Fail to dodge an attack. Die. Walk into an “atmospheric” fire. Die. Fall off a castle wall. Die. Beat a boss, then walk into a dark tunnel and get ambushed by dogs. Die.
Demon’s Souls (yes, complete with that tongue-twisting double “s”) is a brutally difficult game developed by From Software and published by Sony Computer Entertainment exclusively for PlayStation 3. The game seems to have been created as a retort to people griping that modern games don’t have the grueling difficulty and body count of old games.
As the opening explains, King Allant the XII made a Faustian bargain with a being known as the Old One to gain power and bring prosperity to his kingdom of Boletaria. The Old One inevitably betrays him, releasing a colorless fog and soul-stealing demons into the land. Many heroes have tried to rescue the kingdom, but all have perished. So, like a true hero, you head blindly into the same fog, either saving the kingdom or falling prey to the lust for soul power. This plot isn’t groundbreaking, or even unique, but merely serves as a garnish for the inventive levels and challenging combat.
At character creation, you get to choose between ten different classes, each suiting a particular play style. I favor the Royalty class, as they start out with magical attacks and Magic Power regeneration, which suits my inexperienced combat style of sniping from a distance. Others may prefer the Knight’s heavy hitting or the Thief’s amazing item drop rate. No matter what class you start in, you can customize your characters by spending souls gained by killing enemies.
The game’s narrative is unhampered by long cutscenes or romantic subplots; rather, the sometimes tedious but ultimately rewarding combat system is where the game truly shines. Attacking and parrying use up stamina, leaving you vulnerable while the meter regenerates. Each enemy has a unique warning sound and attack pattern, and the monsters are quite innovative, ranging from a shielded slime with a spear to flying stingrays raining death from above. Ambushes are common, although after playing through a level many times, you memorize where all the enemies hide. Once you have mastered the combat system, you can parry and stab an enemy with panache, earning a satisfyingly bloody animation.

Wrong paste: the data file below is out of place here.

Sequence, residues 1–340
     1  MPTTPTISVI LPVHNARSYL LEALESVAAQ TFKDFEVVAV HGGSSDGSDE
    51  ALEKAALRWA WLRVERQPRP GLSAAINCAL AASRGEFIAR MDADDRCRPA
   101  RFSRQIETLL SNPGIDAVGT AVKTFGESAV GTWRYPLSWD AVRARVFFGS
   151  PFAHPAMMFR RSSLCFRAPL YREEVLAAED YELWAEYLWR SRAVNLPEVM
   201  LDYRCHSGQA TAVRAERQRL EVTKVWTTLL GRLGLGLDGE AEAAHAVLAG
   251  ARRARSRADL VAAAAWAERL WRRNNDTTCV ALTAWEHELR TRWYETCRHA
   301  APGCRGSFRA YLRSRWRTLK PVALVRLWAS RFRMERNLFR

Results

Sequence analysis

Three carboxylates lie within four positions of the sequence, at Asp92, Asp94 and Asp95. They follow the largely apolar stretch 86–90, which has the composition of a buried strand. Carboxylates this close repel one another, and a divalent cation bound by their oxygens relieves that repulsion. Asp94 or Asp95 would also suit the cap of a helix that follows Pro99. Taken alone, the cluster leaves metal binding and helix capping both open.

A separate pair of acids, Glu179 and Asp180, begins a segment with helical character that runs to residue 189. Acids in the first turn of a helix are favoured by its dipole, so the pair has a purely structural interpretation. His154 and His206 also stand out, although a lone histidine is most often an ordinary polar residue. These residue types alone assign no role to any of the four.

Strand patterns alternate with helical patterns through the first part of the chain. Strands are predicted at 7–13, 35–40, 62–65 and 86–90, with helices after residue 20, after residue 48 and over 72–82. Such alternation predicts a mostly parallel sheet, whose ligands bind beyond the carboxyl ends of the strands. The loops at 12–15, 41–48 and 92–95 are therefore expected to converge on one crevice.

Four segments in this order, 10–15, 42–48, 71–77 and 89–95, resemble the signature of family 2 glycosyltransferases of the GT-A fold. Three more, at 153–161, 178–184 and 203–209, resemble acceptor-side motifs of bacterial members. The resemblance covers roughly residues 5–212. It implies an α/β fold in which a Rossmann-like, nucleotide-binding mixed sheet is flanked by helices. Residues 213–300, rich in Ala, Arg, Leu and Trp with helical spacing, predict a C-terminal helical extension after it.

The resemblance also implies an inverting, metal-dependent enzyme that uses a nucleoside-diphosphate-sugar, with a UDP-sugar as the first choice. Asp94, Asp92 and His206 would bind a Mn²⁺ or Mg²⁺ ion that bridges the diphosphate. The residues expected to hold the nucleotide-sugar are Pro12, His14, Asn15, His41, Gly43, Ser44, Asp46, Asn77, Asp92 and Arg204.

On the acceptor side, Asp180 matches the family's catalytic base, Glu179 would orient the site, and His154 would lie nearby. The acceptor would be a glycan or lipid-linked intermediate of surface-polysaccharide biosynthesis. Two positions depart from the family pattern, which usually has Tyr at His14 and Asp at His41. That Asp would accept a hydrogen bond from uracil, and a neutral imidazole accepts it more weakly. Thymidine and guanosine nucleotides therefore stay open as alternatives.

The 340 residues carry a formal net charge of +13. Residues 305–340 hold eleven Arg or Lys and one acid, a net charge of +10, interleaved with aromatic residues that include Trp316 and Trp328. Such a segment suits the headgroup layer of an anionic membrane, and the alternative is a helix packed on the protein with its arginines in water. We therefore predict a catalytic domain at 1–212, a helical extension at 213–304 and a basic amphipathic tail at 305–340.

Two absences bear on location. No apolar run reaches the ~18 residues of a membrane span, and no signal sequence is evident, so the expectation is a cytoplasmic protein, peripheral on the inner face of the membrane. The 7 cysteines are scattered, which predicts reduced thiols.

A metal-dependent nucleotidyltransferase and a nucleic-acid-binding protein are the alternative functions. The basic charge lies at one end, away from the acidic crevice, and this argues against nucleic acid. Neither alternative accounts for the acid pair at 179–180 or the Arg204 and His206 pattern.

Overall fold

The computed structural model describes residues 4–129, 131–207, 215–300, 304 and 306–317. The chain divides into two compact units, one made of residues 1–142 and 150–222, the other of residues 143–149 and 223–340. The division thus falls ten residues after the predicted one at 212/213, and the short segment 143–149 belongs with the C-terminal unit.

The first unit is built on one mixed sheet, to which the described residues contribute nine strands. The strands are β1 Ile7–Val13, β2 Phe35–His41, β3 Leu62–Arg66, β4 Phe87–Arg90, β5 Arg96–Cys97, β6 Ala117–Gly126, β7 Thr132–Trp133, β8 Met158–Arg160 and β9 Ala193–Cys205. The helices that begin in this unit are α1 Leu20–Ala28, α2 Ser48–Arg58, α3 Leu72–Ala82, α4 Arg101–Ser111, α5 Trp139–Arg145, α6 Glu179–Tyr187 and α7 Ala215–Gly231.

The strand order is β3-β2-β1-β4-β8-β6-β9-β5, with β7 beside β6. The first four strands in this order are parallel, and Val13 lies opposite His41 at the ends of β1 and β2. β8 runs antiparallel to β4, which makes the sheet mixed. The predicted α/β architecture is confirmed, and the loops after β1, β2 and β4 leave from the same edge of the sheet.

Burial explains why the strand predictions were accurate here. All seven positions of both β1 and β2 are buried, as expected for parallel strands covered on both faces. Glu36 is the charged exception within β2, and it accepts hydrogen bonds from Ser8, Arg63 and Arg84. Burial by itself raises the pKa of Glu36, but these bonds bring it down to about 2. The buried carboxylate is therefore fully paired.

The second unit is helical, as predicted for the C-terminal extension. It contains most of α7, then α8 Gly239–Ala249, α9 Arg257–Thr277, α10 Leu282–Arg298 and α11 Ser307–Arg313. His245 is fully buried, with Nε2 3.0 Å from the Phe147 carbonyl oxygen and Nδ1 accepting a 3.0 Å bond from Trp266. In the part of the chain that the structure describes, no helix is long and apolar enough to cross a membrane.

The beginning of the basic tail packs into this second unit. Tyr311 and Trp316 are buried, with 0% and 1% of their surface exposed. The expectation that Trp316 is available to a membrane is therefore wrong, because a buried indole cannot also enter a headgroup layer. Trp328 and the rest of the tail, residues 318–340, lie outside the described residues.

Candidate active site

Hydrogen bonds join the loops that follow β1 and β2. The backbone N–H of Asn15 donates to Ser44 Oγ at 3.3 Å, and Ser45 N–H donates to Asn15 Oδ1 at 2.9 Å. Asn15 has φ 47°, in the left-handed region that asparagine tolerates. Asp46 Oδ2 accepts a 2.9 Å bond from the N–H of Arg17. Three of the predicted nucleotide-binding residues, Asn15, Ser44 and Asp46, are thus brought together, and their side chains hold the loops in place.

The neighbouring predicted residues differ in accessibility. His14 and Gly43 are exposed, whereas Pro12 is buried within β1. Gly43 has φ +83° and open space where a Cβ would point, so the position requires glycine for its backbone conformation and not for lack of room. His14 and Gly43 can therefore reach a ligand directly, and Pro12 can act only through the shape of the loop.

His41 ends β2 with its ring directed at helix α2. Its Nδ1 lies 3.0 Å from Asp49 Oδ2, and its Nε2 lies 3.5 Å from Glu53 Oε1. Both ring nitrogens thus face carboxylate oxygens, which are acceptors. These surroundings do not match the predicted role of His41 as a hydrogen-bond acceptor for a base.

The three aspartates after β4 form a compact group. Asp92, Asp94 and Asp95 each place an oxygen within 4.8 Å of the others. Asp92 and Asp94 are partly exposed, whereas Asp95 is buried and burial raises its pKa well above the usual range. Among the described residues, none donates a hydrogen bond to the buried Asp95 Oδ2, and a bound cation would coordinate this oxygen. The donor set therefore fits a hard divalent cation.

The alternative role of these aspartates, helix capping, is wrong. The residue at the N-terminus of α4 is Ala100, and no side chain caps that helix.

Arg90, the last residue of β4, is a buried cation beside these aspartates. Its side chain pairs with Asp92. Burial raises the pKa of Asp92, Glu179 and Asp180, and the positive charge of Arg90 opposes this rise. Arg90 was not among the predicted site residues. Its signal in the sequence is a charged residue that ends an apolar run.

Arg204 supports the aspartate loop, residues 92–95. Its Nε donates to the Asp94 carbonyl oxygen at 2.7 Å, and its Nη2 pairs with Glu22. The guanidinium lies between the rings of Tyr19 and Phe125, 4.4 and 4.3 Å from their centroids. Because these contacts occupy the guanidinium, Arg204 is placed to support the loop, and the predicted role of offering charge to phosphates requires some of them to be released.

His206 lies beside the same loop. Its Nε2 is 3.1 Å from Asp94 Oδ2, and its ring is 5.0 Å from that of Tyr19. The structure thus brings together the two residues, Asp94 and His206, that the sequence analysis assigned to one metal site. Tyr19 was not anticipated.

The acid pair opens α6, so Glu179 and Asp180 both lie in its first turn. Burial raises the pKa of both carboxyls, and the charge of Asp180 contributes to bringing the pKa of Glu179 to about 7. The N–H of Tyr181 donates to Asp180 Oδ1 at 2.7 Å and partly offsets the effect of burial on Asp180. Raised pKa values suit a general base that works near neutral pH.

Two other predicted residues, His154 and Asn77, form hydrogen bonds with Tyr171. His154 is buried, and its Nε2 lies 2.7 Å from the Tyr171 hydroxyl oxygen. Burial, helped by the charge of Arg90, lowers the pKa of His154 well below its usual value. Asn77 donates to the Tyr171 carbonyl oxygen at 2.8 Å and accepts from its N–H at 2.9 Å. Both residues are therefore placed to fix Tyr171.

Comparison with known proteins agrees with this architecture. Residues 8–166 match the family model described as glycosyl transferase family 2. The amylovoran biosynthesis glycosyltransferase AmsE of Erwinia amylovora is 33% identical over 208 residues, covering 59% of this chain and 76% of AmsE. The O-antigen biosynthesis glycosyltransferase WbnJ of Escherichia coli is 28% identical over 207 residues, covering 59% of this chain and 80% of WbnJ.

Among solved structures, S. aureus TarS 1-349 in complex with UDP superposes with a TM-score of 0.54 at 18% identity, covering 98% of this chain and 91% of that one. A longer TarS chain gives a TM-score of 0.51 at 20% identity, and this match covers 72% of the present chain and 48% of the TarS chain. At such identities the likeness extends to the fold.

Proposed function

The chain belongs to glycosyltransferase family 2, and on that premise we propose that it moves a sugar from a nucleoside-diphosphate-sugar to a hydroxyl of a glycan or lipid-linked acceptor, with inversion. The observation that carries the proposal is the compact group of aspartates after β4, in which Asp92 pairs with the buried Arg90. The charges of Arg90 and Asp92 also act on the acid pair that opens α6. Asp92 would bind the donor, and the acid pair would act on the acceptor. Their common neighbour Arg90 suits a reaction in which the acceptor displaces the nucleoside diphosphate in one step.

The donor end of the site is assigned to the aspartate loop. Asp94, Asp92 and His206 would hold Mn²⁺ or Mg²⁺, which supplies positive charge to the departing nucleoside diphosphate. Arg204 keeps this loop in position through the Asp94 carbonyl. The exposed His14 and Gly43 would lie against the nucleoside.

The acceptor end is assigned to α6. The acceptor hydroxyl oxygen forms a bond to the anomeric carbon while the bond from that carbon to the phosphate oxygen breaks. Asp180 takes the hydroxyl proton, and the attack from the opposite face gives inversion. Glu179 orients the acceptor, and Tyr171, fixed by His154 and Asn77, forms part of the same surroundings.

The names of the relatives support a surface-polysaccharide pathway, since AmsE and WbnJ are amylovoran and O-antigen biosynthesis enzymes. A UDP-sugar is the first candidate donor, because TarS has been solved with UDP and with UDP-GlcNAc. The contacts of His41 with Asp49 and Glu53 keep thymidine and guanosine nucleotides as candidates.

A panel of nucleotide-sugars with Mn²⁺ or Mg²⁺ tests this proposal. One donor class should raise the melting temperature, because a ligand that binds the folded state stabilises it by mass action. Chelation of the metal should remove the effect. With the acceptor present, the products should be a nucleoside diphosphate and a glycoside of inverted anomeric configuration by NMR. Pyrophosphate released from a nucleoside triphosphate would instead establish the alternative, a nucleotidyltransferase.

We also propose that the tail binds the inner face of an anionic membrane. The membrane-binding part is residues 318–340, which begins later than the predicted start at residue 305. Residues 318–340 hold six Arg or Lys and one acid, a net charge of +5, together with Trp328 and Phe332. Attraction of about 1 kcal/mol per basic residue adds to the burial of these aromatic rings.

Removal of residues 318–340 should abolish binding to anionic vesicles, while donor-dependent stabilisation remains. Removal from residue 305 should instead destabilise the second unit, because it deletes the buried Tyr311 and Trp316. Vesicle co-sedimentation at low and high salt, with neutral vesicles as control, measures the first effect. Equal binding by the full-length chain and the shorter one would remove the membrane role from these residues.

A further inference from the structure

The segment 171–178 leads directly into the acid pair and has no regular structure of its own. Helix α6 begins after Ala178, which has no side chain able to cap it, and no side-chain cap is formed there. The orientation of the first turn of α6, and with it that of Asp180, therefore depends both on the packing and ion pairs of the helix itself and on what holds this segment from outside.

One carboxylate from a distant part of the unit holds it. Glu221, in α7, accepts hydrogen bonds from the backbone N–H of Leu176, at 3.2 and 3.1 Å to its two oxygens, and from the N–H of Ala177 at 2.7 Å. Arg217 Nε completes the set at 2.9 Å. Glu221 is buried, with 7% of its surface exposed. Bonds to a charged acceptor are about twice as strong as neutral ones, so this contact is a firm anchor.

Of course, before you master combat, you’re going to die. A lot. When you shuffle off this mortal coil with an arrow in your chest, you start back at the beginning of the level in Soul Form, which caps your health at half. That’s right — dying makes the game harder. And the game constantly saves, meaning there’s no turning off the game to restore yourself to life. The only way to revive yourself is to kill a boss, use a semi-rare item, or enter another player’s game.
Online play is unique in that you seldom interact directly with other players. Instead, you see the ghostly images of other players in the level, and you can touch their bloodstains to see their final moments before death. They can also leave messages on the ground, both helpful and spam-full. In the rare case you do meet another player, they can be either a helpful Blue Phantom or a murderous Black Phantom.
From the corpses of enemies, you can collect Hardstone, Mercurystone, Moonlightstone, Cloudstone, and a plethora of other ridiculous stones to upgrade your weapon, allowing you to plow through mobs.
Once you defeat the first boss, a tarry demon called Phalanx, the rest of the world opens up to you. Demon’s Souls particularly excels in level design, creating atmospheric and challenging worlds. There’s the Boletarian Palace, guarded by two dragons that burn players without a sense of timing; Stonefang Tunnel, a system of mines that descends to a pool of magma; the Tower of Latria, a gigantic prison full of brain-eating Mindflayers; the Shrine of Storms, guarded by skeletons; and the Valley of Defilement, full of plague and rickety wooden platforms from which to fall.
The greatest complaint I have about the game is the targeting system, used for ranged weapons and magic. It is difficult to pick out single enemies in a crowd, which will quickly drive you to profanity as your character shoots the furthest enemy and gets stabbed by the closest. In addition, locking on can cause awkward shifts in camera angle as the enemies move. Another gripe is that you can sometimes receive damage from attacks that did not appear to hit — especially annoying for one-hit-kill attacks.
The greater the challenge, the sweeter the reward. Whether it’s backstabbing an enemy for massive damage or striking the finishing blow on a boss, mastering Demon’s Souls proves your mettle as a gamer, all for only $20. My final words of advice are “buy more items.” You’re going to need them.